THE struggling Blues gave coach Tana Umaga a 12-month contract extension on Wednesday but made it clear he needed to turn around the Super Rugby club's fortunes.
Umaga's team are again rooted to the bottom of the New Zealand conference after losing eight of their 11 matches this season.
Blues chief executive Michael Redman said he believed the All Blacks legend still had a role to play in returning the club to the glory days that brought three titles.
"Changing head coach now would mean we throw out three years of hard-earned experience and starting again, which we believe is the wrong thing to do," he said.
"At the same time, the expected shifts in on-field performance are yet to be achieved and we are examining every aspect of team selection, preparation and support as our fans would expect."
The Blues last won the Super Rugby title in 2003, They have made the play-offs only twice since, most recently in 2011.
They hired Umaga in June 2015 after unsuccessful coaching stints by John Kirwan and Pat Lam.
Umaga is in the final year of his contract and the fact he has been offered only a 12-month extension is an indication the club wants rapid improvement.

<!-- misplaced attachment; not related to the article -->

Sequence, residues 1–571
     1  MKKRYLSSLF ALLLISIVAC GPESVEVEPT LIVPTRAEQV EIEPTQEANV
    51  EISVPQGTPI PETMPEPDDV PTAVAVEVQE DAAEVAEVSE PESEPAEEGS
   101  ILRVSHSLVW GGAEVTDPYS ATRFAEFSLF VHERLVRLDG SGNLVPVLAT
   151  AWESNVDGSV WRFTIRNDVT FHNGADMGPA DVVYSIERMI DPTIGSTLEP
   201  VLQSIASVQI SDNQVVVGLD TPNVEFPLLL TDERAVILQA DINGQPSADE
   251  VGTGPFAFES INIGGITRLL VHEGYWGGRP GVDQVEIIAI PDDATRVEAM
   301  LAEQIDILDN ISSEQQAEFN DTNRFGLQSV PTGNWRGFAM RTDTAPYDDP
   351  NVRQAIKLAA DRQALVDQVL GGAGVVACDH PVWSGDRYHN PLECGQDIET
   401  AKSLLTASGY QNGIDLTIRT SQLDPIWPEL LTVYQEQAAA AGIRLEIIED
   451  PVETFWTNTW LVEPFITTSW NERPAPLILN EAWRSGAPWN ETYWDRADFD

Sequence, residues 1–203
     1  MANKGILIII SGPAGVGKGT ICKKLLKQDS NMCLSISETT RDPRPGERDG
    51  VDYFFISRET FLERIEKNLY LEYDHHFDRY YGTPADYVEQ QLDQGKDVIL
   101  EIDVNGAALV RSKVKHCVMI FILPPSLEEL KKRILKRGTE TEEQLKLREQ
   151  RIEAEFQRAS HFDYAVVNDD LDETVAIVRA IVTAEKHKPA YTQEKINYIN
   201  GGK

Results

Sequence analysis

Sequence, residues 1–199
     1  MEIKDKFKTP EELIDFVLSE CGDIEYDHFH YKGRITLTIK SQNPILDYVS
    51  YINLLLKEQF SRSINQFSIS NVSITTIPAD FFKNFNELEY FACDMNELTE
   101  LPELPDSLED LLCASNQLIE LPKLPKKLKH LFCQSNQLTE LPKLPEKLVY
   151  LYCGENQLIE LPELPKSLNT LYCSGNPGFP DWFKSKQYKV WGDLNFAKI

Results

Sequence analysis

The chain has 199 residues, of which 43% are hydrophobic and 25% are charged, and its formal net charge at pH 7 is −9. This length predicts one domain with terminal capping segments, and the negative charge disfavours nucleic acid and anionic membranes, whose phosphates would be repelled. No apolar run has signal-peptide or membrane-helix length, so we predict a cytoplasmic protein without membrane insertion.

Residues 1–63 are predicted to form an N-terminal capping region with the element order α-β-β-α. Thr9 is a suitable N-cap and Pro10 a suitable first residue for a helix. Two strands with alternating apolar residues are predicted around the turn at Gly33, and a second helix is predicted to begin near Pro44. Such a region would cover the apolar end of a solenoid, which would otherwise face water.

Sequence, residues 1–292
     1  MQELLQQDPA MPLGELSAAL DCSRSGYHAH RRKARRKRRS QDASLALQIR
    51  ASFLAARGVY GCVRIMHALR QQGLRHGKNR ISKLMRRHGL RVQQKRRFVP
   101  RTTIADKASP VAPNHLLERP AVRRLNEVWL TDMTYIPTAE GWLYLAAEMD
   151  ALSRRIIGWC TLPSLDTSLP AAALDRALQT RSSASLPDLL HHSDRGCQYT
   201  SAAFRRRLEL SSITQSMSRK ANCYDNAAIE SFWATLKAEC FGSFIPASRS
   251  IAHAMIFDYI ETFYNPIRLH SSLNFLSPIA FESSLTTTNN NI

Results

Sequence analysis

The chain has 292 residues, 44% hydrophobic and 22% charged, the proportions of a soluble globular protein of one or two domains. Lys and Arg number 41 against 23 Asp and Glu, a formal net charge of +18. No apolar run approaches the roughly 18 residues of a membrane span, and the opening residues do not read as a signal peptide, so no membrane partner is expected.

Umaga, 44, said he understood the situation and accepted he was "in the results business".
"Believe me, no one at the Blues right now is happy with where we are at, but everyone has bought in to our plan, believes in it and works so hard every day to perform," he said.
"There are significant parts of every game where we are achieving that and just a few basic things that let us down."
The Blues said former All Black Leon MacDonald would join Umaga as an assistant coach in the 2019 season.
MacDonald, the coach of the Tasman Makos in the domestic competition, was Umaga's assistant in 2015 when the pair guided New Zealand's under 20s to a world championship.
"We expect the two of them together will form a formidable coaching team," New Zealand Rugby head of professional rugby Chris Lendrum said.
Wellington-born Umaga played 74 Tests, including 21 as captain, leading the All Blacks in 2005 to a Grand Slam victory and a clean sweep of the British and Irish Lions.
After his international retirement in 2005, he joined French club Toulon, where he earned his management stripes as a player/coach.
He returned to New Zealand in 2010, joining the Counties Manukau Steelers, a team he coached to their first Ranfurly Shield success in 2013.
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